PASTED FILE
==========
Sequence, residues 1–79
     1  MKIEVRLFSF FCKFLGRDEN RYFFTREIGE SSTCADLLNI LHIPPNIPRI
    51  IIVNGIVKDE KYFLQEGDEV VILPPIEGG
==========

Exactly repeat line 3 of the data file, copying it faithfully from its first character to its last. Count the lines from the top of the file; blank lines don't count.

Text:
    51  IIVNGIVKDE KYFLQEGDEV VILPPIEGG